Mastery of traditional craft and print production are no longer precursors to designing tools, systems, and strategies. Students enter laterally into different kinds of work and there is too much technical knowledge for production to be a common threshold for formgiving responsibility.

What change means for students and professionals

While there is never-ending pressure to expand students’ short-term skills to match qualifications for entry-level employment, college faculty must be cautious not to overload curricula with content of temporary relevance at the expense of more enduring knowledge that transcends a rapidly changing context. At the same time, educators must rethink how to deliver lasting concepts and principles in light of a radically changed landscape for professional practice that bears little resemblance to the past. Curricula must be rethought from the ground up, not modified through endless additions to an industrial-age model.

Further, as practice becomes more diverse and students enter positions with more specialized expectations, college programs must decide what they can and cannot promise students as professionally relevant outcomes of an undergraduate curriculum. The current breadth of advertised outcomes under radically different degree types may be unrealistic. Some content may be better addressed through advanced study at the graduate level, where simply refining traditional skills becomes increasingly difficult to justify given the cost of education. In other cases, liberal art degrees must identify viable missions matched to their limited design requirements. And general education in the humanities, sciences, and social sciences can no longer be a cafeteria of undifferentiated undergraduate offerings to which design faculty pay little attention. Students must understand the modes of inquiry of likely collaborators from other fields and the larger systems in which design problems reside.

AIGA’s commitment to helping designers and schools adapt

Acquiring this new content for design education and practice is daunting but not impossible. The purpose of the AIGA Design Futures briefing papers is to encourage preemptive curricular planning that positions programs and their graduates competitively for an inevitable landscape of professional practice that bears little resemblance to the work for which many faculty were educated. For professionals, the briefing papers identify areas for continuing education that will sustain viable practices. For recruiters searching for design talent, these discussions describe new competencies that will serve organizations well for the future. AIGA is committed to helping faculty and practitioners in this transition through future resources and programs. It invites ongoing dialogue with members in an effort to share strategies and recommendations. Each of the following briefing papers defines a trend, cites examples from practice, identifies core concepts and principles, and lists competencies necessary for addressing the trend at the college and professional level. A short list of resources for further reading also appears at the end of each paper. Resources were chosen to address a variety of entry points to new information; some are introductory videos, while others are books or articles from scholarly journals.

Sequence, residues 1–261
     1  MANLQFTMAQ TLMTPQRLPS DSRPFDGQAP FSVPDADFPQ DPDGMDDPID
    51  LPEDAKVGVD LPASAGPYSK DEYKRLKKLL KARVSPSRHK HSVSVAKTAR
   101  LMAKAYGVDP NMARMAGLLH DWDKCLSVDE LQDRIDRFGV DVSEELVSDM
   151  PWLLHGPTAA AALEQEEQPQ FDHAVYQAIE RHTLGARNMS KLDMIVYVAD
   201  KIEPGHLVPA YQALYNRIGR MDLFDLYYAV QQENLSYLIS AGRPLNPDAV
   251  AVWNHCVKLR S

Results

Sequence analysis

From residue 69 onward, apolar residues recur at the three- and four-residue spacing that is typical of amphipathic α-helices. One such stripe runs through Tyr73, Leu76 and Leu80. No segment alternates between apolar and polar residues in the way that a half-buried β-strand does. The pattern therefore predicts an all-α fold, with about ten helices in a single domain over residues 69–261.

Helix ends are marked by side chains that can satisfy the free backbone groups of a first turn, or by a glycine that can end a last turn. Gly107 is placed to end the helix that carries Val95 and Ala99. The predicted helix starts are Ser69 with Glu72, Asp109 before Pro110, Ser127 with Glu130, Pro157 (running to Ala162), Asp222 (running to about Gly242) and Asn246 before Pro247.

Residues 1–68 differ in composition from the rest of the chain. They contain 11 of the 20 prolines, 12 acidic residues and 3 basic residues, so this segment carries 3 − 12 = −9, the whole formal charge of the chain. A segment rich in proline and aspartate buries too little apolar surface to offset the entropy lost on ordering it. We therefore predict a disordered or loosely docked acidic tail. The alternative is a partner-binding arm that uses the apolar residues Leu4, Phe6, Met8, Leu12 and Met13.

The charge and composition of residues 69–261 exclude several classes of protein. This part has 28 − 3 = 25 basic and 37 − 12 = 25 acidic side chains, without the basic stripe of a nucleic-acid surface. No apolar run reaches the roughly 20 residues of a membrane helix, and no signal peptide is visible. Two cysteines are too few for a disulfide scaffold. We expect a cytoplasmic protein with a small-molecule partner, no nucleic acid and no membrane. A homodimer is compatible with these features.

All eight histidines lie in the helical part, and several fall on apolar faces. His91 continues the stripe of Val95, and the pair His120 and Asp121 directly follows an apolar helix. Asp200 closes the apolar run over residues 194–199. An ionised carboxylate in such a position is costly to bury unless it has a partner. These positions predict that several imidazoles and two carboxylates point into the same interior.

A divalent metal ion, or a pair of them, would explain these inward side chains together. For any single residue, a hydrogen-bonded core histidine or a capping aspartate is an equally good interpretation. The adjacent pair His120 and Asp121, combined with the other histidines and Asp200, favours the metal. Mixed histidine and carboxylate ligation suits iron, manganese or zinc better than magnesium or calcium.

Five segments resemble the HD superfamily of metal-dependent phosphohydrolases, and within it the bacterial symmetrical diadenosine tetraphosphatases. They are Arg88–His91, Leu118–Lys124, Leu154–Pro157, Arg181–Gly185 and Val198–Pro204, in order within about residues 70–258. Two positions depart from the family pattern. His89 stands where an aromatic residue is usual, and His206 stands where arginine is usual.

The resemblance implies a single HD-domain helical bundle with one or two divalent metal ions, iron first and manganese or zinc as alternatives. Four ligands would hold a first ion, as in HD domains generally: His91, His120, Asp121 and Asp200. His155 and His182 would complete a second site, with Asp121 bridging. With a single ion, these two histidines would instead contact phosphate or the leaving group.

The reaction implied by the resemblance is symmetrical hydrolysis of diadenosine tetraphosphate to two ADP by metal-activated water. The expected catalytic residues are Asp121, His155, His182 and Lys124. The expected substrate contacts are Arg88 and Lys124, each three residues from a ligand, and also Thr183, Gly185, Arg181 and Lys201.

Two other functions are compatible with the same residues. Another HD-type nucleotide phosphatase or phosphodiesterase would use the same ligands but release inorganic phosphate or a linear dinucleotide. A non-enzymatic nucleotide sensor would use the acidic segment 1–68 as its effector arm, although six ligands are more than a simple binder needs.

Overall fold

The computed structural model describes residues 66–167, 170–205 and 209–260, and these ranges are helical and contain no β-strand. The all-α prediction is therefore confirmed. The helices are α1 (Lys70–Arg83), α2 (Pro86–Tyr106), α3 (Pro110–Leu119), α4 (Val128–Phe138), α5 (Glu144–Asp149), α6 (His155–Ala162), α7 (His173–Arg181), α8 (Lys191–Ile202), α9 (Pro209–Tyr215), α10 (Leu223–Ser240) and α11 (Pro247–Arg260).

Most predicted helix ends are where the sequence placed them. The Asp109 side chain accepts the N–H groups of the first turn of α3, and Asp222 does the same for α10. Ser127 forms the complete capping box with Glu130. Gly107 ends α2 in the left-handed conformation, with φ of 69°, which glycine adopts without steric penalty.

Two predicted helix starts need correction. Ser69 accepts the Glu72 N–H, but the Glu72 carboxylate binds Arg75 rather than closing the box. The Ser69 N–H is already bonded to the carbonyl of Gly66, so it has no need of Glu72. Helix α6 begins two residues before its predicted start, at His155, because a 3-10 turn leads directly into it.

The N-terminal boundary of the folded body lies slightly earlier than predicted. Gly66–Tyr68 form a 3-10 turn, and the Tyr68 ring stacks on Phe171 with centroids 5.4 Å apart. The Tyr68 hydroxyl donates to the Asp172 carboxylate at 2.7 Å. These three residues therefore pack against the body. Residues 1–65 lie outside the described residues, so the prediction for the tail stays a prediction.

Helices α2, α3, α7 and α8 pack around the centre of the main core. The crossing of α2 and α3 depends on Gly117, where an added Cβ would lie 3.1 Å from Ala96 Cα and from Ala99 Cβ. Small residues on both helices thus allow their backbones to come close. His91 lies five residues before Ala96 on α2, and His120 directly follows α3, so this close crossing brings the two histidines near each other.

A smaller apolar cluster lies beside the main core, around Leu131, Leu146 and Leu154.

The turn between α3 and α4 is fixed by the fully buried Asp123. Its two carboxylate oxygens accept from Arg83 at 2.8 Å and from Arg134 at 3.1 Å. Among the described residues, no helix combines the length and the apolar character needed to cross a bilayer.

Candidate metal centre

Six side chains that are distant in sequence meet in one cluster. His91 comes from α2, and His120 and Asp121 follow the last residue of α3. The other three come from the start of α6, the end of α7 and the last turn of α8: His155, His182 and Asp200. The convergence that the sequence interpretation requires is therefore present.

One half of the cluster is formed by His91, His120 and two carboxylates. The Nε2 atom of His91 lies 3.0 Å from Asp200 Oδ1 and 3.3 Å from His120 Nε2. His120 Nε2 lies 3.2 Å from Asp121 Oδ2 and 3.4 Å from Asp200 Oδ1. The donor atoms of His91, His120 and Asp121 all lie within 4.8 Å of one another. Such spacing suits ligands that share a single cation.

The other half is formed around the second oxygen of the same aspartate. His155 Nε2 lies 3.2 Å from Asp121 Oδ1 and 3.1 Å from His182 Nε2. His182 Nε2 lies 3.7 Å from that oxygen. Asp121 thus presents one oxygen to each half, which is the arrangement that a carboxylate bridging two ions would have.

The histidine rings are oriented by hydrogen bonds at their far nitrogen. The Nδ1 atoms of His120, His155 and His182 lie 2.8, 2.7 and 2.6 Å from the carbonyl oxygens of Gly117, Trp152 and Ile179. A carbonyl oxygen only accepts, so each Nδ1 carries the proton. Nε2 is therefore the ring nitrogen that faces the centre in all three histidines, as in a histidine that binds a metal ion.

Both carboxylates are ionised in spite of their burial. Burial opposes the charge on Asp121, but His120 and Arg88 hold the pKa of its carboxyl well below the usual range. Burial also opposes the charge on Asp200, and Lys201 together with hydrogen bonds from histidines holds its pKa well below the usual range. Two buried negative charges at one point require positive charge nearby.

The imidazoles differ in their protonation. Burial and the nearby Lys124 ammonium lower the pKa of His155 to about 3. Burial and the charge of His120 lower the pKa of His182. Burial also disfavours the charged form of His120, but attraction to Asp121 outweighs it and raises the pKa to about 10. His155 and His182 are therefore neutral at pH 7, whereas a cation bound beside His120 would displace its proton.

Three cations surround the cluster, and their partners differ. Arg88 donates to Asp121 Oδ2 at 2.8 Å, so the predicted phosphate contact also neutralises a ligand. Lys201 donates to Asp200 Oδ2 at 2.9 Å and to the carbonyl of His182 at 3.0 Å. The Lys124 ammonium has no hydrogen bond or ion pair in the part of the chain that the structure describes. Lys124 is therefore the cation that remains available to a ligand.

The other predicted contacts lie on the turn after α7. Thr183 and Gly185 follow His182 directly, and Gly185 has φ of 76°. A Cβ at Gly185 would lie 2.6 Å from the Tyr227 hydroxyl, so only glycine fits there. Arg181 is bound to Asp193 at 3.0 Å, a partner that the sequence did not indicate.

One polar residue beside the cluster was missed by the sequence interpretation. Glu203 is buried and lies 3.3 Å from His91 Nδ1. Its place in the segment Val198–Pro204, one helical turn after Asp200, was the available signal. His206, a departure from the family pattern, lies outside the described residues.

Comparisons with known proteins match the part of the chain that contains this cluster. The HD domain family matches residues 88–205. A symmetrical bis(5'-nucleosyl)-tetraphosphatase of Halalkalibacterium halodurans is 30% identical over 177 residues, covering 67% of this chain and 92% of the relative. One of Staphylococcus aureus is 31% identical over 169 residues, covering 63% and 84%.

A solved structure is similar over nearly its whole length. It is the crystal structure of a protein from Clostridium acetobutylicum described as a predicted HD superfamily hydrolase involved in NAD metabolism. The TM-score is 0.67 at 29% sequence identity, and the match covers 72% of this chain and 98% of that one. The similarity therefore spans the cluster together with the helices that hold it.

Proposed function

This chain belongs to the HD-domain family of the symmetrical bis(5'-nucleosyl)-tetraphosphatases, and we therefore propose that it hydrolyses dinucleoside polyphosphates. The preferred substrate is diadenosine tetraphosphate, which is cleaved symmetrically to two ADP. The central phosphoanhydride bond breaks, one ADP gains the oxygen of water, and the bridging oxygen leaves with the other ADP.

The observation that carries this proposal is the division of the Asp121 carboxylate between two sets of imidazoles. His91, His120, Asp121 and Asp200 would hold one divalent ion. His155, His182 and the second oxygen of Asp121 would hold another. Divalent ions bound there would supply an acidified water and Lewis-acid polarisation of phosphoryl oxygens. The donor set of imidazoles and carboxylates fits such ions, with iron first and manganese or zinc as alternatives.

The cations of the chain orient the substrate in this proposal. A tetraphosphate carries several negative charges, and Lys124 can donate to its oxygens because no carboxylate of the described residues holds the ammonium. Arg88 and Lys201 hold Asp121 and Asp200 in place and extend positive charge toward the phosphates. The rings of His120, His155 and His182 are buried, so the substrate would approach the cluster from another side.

Complex Problems

Aggregation and Curation

Bridging Digital and Physical Experiences

Core Values Matter

Resilient Organizations

Making Sense in the Data Economy

Accountability for Anticipating Design Outcomes

AIGA encourages college faculty to use these papers in conversations with their institutions. In its affiliation with the National Association of Schools of Art and Design, the disciplinary accrediting body for higher education, AIGA has negotiated undergraduate and graduate competency standards for design, which can be found on pages 115–119 and 142–142 of the NASAD 2017–18 accreditation handbook..

AIGA also encourages professionals to discuss trends with their colleagues and to provide feedback that will shape AIGA programming.

As always, AIGA invites using these resources to the fullest and welcomes comments and feedback at designfutures@aiga.org. These papers represent a milestone in AIGA advocacy for design and designers.

1. Bureau of Labor Statistics, U.S. Department of Labor. “Employment Projects — 2016-26.” Retrieved in January 2018.

2. Bureau of Labor Statistics, U.S. Department of Labor. “Occupational Outlook Handbook.” Retrieved in August 2018.

The bureau predicts that web design and development will grow by 15 percent and that the software industry will grow by 24 percent.
The speed of technological change made the stopping condition “good enough for now.”
Authentic user experiences in this technology-driven world requires working with rather than for people.